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(born April 26, 1822, Hartford, Conn., U.S.—died Aug. 28, 1903, Brookline, Mass.) U.S. landscape architect. He traveled throughout the American South in the 1850s and won fame for several books describing its slaveholding culture. During an extended vacation in Europe, he became profoundly impressed with English landscaping, which he described in Walks and Talks of an American Farmer in England (1852). In 1857 he was hired as superintendent of New York City's newly planned Central Park. With the architect Calvert Vaux (1824–95), he won a competition to design the park, and he became its chief architect in 1858. The result was a nature-lover's paradise incorporating lawns, woods, ponds, and meandering paths; it represented one of the first attempts in the U.S. to apply art to the improvement of nature in a public park. Other Olmsted parks include Prospect Park in Brooklyn, New York City; a Niagara Falls, N.Y., park project; an extensive system of parks and parkways in Boston; and the World's Columbian Exposition (later Jackson Park) in Chicago. As chairman of the first Yosemite commission, he helped secure the area as a permanent public park.

Learn more about Olmsted, Frederick Law with a free trial on Britannica.com.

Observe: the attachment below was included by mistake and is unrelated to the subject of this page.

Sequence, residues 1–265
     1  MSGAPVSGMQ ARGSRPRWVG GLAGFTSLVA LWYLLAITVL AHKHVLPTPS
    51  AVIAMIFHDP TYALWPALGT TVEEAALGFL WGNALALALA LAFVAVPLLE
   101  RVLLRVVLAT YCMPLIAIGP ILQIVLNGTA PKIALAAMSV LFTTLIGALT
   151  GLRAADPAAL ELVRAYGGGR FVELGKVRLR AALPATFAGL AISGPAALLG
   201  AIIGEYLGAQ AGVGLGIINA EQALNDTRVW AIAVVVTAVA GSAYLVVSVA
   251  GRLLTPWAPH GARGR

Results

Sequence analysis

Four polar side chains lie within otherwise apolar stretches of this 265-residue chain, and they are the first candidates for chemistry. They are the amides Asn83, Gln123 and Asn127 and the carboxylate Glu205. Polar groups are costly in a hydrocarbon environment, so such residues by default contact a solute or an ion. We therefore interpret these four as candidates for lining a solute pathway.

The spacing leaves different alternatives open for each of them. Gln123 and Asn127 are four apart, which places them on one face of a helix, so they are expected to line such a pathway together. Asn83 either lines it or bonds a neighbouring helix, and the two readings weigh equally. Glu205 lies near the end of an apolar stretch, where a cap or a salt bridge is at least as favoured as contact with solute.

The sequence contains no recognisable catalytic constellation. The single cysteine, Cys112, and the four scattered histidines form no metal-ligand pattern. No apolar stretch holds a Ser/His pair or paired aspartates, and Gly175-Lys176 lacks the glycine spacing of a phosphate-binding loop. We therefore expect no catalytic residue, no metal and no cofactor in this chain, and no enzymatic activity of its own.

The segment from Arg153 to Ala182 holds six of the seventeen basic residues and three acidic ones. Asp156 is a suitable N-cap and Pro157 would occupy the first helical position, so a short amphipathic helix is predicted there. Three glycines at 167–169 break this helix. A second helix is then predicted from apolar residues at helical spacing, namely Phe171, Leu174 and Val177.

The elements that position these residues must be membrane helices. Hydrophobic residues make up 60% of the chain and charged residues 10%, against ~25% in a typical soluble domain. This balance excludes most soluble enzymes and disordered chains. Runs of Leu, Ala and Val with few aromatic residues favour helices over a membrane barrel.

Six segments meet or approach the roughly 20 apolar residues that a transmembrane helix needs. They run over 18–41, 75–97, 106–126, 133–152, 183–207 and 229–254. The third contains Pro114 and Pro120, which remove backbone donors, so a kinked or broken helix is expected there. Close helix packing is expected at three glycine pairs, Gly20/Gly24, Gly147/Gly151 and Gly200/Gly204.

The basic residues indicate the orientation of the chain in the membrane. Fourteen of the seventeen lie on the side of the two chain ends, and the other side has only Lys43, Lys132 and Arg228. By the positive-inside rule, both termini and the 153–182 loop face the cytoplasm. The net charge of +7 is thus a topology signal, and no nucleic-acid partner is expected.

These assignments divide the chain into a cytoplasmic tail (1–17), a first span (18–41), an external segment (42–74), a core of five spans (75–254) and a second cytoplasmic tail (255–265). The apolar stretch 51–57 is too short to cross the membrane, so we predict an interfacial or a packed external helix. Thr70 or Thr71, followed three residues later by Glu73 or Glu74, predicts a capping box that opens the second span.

Olmsted is a village in Pulaski County, Illinois, along the Ohio River. The population was 299 at the 2000 census.

Geography

Olmsted is located at (37.180733, -89.086431).

According to the United States Census Bureau, the village has a total area of 1.7 square miles (4.5 km²), of which, 1.7 square miles (4.4 km²) of it is land and 0.04 square miles (0.1 km²) of it (2.33%) is water.

Demographics

As of the census of 2000, there were 299 people, 139 households, and 85 families residing in the village. The population density was 178.0 people per square mile (68.7/km²). There were 173 housing units at an average density of 103.0/sq mi (39.8/km²). The racial makeup of the village was 80.94% White, 18.06% African American, 0.33% Native American, 0.67% from other races. Hispanic or Latino of any race were 0.67% of the population.

There were 139 households out of which 23.7% had children under the age of 18 living with them, 47.5% were married couples living together, 11.5% had a female householder with no husband present, and 38.8% were non-families. 36.7% of all households were made up of individuals and 20.1% had someone living alone who was 65 years of age or older. The average household size was 2.15 and the average family size was 2.79.

In the village the population was spread out with 21.4% under the age of 18, 7.0% from 18 to 24, 24.4% from 25 to 44, 26.4% from 45 to 64, and 20.7% who were 65 years of age or older. The median age was 43 years. For every 100 females there were 76.9 males. For every 100 females age 18 and over, there were 80.8 males.

The median income for a household in the village was $19,833, and the median income for a family was $32,188. Males had a median income of $26,875 versus $23,750 for females. The per capita income for the village was $13,615. About 16.9% of families and 21.7% of the population were below the poverty line, including 32.8% of those under the age of eighteen and 16.9% of those sixty five or over.

See also

References

External links